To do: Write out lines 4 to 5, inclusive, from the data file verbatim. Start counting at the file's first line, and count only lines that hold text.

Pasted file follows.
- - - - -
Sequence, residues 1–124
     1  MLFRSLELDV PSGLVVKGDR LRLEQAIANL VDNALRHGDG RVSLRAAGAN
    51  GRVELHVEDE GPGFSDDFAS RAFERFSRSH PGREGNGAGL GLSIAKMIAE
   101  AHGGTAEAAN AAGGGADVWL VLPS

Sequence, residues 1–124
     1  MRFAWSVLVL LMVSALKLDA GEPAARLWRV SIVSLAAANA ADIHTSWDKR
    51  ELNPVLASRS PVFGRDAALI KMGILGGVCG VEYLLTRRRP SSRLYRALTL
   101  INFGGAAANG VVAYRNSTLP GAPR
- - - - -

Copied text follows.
   101  AHGGTAEAAN AAGGGADVWL VLPS

Sequence, residues 1–124